Pezula Golf Estate is just a 10 minute drive from the thriving cosmopolitan town of Knysna

History of Knysna

The word Knysna comes from a word in the Khoi language. It is thought that the word refers to the Knysna Heads, two sandstone monoliths which guard the entrance to the Knysna Lagoon from the Indian Ocean.

The Khoisan people who inhabited the Garden Route were displaced in the 17th century after the arrival of Dutch settlers. The town of Knysna was founded in 1804 by George Rex who was thought to be the illegitimate son of King George III, and settled his family on the shores of the Knysna Lagoon. The land was covered in indigenous forests and so began Knysna’s famous timber trade.


It was difficult to move timber by ox-wagon so George Rex proposed building a harbour and in 1817 the 188-ton Royal Navy brig Emu made the first attempt to enter the lagoon through the Knysna Heads. Unfortunately she struck a submerged rock in the channel and had to be beached to stop her sinking. Later that year the ship Podargus arrived to fetch the cargo and crew of the Emu and managed to find a safe passage through the Heads into the lagoon thus paving the way for a shipping industry in the area.


In 1817 Knysna became a port for naval and commercial ships. Ships entering the lagoon brought in goods and shipped out timber. In 1820 George Rex ceded some of his land to the British Admiralty to allow them to build a port in the lagoon. Unfortunately this project was never completed as fires destroyed the buildings.


In 1830 the first ship built in Knysna using local stinkwood was launched. The ship weighed 140 tons and belonged to George Rex.


In 1885 gold was found in Millwood, about 25 kms outside of Knysna, deep in the indigenous forest. But the gold rush was short-lived and 10 years later it had petered out.


In 1881 Knysna was declared a town, but the use of the harbour had ceased and goods and supplies were transported by steam train

Knysna Today

Knysna has grown enormously and today accommodates a population of over 80,000. It has excellent schools, including Knysna Primary School, Oakhill Private School and Knysna Montessori as well as various pre-school facilities. Knysna was listed as the 19th most loved destination around the world in the 2021 Tourism Sentiment Index which tracked the sentiment of travelers online across 1.8 billion conversation and content pieces in 2021.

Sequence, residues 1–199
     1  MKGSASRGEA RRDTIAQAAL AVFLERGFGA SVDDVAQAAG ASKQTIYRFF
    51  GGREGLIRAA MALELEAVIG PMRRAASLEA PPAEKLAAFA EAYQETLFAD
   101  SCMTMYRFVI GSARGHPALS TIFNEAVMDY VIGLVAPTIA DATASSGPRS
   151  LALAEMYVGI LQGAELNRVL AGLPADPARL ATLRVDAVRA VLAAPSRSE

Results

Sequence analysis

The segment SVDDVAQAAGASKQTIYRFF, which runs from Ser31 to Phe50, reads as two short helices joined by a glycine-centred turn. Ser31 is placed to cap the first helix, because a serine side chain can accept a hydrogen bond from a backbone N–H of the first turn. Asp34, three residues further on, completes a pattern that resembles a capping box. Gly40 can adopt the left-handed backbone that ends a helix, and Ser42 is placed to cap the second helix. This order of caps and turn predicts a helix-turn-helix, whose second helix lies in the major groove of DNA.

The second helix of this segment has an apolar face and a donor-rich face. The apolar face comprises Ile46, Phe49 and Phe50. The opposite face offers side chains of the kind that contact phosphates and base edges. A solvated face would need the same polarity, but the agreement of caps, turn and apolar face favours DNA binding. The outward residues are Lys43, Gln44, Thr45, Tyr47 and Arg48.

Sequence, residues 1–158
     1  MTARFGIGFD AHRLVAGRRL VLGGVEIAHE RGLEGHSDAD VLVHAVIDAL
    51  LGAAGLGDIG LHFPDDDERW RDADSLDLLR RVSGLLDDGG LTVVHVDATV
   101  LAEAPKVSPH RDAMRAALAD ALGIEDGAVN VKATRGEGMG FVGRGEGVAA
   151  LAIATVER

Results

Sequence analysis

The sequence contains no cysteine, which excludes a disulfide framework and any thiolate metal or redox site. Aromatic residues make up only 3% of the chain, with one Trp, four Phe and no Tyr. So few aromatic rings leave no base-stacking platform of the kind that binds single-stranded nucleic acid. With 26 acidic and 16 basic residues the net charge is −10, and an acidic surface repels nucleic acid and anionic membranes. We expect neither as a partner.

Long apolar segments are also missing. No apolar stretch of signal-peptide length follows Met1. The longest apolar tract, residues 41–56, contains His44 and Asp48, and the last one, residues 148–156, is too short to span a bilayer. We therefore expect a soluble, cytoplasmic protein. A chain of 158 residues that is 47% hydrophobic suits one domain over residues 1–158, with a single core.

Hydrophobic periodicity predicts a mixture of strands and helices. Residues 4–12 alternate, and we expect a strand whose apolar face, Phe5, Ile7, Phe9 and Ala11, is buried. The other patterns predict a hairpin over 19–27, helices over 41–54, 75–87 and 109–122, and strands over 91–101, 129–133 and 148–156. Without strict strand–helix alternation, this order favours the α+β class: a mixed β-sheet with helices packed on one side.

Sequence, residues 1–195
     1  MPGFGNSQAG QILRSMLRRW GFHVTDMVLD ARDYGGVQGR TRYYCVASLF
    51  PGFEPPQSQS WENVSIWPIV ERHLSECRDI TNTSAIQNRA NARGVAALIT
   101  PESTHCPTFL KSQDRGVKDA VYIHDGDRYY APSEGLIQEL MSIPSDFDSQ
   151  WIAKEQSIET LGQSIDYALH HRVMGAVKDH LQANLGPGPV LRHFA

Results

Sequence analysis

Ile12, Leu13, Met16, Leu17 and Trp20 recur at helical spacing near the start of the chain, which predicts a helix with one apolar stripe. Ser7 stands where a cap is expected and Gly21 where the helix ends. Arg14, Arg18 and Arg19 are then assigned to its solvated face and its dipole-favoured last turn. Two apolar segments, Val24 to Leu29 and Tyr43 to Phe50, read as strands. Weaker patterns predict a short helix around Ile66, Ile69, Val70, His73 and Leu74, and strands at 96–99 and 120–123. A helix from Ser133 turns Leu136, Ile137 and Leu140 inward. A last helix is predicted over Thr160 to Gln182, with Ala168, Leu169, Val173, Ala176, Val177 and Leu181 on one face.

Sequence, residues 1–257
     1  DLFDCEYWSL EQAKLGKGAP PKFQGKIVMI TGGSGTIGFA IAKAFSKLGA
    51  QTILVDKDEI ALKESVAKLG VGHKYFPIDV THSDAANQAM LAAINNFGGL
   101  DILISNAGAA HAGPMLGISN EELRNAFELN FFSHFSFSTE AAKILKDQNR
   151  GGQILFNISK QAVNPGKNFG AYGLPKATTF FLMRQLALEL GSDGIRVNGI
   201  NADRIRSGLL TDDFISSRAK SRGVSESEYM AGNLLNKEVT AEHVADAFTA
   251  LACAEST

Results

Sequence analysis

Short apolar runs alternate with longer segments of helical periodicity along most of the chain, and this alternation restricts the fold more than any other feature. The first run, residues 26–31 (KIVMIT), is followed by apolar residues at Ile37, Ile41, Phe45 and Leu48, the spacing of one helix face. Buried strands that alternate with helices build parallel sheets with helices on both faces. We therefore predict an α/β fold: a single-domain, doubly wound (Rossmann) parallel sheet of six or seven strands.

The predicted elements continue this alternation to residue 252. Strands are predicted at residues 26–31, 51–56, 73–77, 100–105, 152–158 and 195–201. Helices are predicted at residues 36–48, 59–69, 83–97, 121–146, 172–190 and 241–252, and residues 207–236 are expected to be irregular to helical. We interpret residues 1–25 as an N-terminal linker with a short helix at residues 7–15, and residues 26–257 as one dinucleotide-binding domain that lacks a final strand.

The state-of-the-art Knysna Private Hospital (just five minutes from Sparrebosch) has an adjoining Retirement Village and Frailcare Centre. The clinic accommodates a number of medical practitioners including GPs, dentists and specialists.

To accommodate the building boom of the last decade, a number of architects, reputable building companies and design and décor specialists now offer their services in Knysna.

The Knysna Mall has Woolworths as an anchor tenant and houses many well-known chain stores. Most major supermarkets are represented in Knysna including Super Spar, Pick n Pay and Checkers.


Knysna boasts many excellent eateries offering a variety of dining experiences from coffee shops and bakeries to fine-dining restaurants. The Knysna Waterfront and Thesen Harbour Town provide many specialist shops and restaurants and the opportunity to dine alfresco while you watch the activities in the small harbour and on the lagoon.

Activities and Attractions

Knysna is a thriving tourist destination and was twice voted South Africa’s Favourite Town. There are many attractions for residents and visitors alike. A plethora of excellent accommodation establishments includes four hotels, guest houses, B&Bs and camping facilities.

The town is built around an enormous estuary and surrounded by indigenous forests and pristine beaches which provide a natural playground for sports enthusiasts. Mountain biking, hiking, surfing, fishing, sailing, swimming and canoeing are popular activities. Featherbed Nature Reserve on the Western Head is an international tourist attraction and ferries provide regular excursions across the lagoon to the reserve.

Knysna’s famous oyster industry is celebrated every year in July with a 10-day sport and lifestyle festival, the Pick n Pay Knysna Oyster Festival. Two other festivals, the Pink Loerie Mardi Gras and Gastronomica draw thousands of visitors to Knysna annually.

The area is a golfer’s paradise and there are a number of excellent golf courses between Mossel Bay and Plettenberg Bay.

There are a myriad of gift shops, art galleries, pubs and clubs as well as a well-stocked library. Or you can go back in time and visit the Old Fort, the Old Gaol, churches, the museum and Millwood goldmine to discover Knysna’s history.

A variety of animal sanctuaries provide visitors with the opportunity to get close to Africa’s wildlife, including the Knysna Elephant Park, Monkeyland and Birds of Eden.

Knysna is also home to a number of rare and endangered species including the Knysna Seahorse (Hippocampus capensis), the Knysna Turaco (previously known as the Knysna Loerie), the rare Knysna Dwarf Chameleon (Bradypodion damaranum), and the Brenton Blue Butterfly. It is believed that Knysna Elephants, which once roamed freely in large numbers in their natural habitat, have survived, and as many as five are believed to live deep in the Knysna Forest.